A DUBLIN train driver has been hailed as a hero after his quick thinking prevented Ireland's worst ever rail disaster in Malahide on Friday evening.
Keith Farrelly 'thought he was seeing things' as he noticed signs of subsidence on the track, while crossing the viaduct over the Broadmeadow estuary at around 6.25pm.
He immediately stopped his train at Malahide station and alerted Irish Rail, who suspended services on the northern line.
'The first inkling I had that something was wrong was when I noticed water splashing up to a high level,' Mr Farrelly recalled.
'In that location, it's not a normal thing to happen, so I looked at the northbound line and saw that the viaduct was giving way and that the track was hanging. ' The Dundalk train had just gone over the bridge it was a very close call. I saw the bridge start to collapse as I was going over it. It was a scary situation, surreal.
'I was just relieved that we got past. I couldn't believe what I was seeing, the waves were coming up over the side of it, I thought I was seeing things.' The 33-year-old said he could feel the ballast moving on the line beneath his train, adding his 'defensive driving training' had kicked in.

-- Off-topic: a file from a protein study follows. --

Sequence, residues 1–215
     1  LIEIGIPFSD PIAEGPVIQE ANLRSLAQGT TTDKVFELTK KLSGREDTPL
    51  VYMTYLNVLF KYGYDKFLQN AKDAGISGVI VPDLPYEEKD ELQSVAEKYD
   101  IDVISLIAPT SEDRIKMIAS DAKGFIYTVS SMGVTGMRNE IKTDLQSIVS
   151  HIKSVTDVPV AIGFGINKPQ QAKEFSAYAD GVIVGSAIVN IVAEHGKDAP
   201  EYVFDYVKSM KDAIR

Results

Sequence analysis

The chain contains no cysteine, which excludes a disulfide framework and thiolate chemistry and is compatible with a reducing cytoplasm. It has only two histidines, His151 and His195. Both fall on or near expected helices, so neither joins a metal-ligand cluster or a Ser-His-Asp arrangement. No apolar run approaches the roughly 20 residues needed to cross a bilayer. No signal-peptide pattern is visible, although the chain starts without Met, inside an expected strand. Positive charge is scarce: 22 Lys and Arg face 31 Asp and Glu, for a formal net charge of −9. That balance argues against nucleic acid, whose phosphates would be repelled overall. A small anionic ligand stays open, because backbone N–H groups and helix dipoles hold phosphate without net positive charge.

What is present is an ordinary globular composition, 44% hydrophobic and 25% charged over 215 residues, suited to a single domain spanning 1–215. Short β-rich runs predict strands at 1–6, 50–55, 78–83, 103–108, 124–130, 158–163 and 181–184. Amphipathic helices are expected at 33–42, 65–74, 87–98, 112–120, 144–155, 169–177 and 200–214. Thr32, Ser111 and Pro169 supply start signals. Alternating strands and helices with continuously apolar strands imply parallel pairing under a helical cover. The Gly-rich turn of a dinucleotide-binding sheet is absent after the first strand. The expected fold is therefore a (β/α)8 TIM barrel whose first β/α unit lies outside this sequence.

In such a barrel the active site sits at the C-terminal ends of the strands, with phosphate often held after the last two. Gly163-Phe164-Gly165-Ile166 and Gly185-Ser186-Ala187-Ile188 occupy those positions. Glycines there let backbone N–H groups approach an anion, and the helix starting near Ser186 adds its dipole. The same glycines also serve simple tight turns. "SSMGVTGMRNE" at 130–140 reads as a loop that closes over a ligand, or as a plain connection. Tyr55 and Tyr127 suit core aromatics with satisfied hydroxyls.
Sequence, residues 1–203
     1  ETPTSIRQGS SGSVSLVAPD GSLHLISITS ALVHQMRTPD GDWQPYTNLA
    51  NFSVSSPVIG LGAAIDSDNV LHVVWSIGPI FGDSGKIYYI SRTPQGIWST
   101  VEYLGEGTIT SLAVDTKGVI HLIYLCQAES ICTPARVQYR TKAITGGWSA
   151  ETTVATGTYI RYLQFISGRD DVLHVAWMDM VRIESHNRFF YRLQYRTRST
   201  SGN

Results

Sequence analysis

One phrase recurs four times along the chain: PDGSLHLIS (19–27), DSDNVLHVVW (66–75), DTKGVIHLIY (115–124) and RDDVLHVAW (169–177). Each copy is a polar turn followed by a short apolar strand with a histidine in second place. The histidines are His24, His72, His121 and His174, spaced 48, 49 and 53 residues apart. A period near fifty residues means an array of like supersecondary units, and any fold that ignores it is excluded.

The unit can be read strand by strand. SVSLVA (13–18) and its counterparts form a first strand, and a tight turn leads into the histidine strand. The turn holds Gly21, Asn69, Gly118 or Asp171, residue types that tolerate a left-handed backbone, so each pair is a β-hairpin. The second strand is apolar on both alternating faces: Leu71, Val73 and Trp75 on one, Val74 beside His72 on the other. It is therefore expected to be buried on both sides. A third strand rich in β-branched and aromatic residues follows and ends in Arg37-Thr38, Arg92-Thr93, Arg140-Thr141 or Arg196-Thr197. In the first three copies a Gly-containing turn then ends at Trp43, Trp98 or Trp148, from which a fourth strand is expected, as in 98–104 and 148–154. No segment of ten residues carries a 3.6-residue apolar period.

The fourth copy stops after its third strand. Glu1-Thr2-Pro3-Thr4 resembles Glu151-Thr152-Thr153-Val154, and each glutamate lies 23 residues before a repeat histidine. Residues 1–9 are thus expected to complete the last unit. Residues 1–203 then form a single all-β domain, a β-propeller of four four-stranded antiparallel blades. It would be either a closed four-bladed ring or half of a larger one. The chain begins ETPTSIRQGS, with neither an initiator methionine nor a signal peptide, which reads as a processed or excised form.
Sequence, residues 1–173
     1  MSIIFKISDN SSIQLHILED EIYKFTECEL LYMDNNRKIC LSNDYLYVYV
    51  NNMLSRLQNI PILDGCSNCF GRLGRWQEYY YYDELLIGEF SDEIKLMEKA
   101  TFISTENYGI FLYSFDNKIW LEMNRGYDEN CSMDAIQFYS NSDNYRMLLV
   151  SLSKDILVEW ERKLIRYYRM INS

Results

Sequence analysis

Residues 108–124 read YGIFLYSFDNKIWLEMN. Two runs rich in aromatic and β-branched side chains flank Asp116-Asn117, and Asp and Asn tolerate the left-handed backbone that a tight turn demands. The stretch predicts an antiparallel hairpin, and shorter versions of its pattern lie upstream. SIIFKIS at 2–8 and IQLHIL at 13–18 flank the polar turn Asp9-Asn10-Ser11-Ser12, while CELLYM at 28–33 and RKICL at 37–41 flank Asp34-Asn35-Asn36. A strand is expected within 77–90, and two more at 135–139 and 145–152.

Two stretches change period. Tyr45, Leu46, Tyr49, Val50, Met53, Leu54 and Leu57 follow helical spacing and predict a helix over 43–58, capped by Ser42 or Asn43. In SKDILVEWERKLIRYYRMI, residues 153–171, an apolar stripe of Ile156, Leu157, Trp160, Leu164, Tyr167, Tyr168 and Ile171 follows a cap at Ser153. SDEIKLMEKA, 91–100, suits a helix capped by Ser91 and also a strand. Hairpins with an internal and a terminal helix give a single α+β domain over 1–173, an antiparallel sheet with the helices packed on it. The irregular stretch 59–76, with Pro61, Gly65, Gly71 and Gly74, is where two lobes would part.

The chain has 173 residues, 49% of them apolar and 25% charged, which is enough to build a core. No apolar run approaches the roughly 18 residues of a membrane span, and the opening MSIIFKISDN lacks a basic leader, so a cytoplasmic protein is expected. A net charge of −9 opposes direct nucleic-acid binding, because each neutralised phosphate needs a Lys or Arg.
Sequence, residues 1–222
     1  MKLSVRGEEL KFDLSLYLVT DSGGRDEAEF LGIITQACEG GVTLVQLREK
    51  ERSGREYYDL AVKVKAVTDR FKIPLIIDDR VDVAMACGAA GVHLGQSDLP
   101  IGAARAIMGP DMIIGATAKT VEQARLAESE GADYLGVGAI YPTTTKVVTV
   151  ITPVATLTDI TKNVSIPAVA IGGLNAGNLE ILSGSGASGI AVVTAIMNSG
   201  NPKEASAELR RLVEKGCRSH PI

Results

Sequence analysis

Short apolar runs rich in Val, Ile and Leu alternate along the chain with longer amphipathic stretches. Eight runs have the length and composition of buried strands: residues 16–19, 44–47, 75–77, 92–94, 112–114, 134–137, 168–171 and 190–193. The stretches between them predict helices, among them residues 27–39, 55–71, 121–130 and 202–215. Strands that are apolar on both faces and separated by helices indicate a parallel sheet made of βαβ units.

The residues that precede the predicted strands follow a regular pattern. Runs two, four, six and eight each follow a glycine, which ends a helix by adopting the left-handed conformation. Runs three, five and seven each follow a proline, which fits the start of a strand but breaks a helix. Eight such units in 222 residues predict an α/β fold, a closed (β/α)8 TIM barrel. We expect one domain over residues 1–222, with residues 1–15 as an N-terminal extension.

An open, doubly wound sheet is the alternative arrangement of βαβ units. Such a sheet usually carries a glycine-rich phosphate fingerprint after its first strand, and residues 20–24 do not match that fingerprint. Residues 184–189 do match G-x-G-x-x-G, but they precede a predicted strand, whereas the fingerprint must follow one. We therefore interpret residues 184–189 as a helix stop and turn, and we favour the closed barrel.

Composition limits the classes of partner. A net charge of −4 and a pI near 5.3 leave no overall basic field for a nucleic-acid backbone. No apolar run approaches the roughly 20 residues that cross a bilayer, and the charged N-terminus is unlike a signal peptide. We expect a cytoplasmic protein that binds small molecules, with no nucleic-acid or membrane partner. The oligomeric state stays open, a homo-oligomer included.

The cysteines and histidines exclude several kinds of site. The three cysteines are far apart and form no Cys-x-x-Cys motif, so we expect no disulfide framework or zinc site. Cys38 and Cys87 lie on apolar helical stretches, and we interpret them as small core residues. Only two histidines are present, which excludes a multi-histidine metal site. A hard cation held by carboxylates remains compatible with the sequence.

'I decided to coast the train in, lightly braking, so I didn't put pressure on the track, and ensured we had momentum to get us safely to the station.
' When I arrived at Malahide Station I protected both lines and alerted control. It was such an unreal sight, I started thinking to myself 'did I really see that?'
'But when I walked back, I saw it clearly, and my legs just went to jelly with the shock. I'm just glad that all of us on board walked away from it safely.' Iarnród Éireann spokesperson, Barry Kenny, said different sections of railway tracks were walked three 'times a week', with a major structural inspection every two years, while the viaduct in question had been inspected last Tuesday.
The rail accident investigation unit of the Department of Transport is carrying out an inquiry, alongside an Irish Rail investigation.